Kareem Abdul-Jabbar took to his Huffington Post blog last week to review Girls. While I think he has some points worth considering about his show, I was actually more struck by his follow-up, in which he writes about the reaction to a professional basketball player writing cultural criticism—much of which ignored the fact that Abdul-Jabbar has both acted and written history. I was particularly struck by this paragraph:
Some questioned why a man my age would watch a show about girls in their twenties, as if they’d just discovered me hanging around a school playground with a shopping bag full of candy in one hand a fluffy puppy in the other. Of course, these critics are right. When I read Moby Dick I first had to convince the bookseller that I was a former whaler named Queequeg. When I read the poetry of Sylvia Plath, I had to pretend I was a depressed white woman with daddy issues. Don’t worry, I used a fake ID.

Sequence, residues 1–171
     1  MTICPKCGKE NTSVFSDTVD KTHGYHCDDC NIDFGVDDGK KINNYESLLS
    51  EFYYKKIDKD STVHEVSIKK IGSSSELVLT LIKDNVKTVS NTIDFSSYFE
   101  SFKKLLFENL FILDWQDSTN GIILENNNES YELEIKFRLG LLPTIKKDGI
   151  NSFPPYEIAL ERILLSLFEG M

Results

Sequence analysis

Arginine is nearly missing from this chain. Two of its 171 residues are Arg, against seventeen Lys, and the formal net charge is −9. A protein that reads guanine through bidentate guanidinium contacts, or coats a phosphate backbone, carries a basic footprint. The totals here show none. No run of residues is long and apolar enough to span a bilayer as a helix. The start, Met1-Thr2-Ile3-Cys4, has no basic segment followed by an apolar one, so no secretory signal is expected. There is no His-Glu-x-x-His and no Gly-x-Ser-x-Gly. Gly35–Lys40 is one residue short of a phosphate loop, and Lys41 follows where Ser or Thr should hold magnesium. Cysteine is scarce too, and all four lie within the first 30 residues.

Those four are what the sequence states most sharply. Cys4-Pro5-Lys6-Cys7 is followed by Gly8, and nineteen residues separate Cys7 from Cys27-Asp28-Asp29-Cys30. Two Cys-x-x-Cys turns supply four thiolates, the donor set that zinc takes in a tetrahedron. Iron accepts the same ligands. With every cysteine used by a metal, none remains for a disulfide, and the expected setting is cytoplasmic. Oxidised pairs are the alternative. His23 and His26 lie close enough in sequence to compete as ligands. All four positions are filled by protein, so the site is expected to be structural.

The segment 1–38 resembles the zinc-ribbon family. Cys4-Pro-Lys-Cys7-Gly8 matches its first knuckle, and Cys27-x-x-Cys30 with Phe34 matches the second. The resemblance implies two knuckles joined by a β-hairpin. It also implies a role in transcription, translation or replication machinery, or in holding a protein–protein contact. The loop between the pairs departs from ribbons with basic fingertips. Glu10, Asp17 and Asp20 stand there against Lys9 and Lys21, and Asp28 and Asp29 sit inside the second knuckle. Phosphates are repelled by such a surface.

One of the strangest, and most persistently irritating assumptions in popular culture is, as I’ve written before, the idea that white men are general interest, while women and people of color are niche subjects. It’s bizarre to me that we would think that women are interested in stories about men, and how they view sex, work, and power, all subjects that affect us, whether we have male lovers and partners, male bosses and coworkers, or simply male relatives and friends, but that men wouldn’t be interested in what insights fiction can give them into their families, friends, lovers, coworkers, or objects of distant desire. It’s a framework that assumes that men are hopelessly myopic, which is awfully condescending, but it’s also one that gives men who pay attention to culture created by and about women extra points for reaching out beyond the range of their own experience. It’s nice to see Abdul-Jabbar give that thumb on the scale precisely the bemused side-eye it deserves.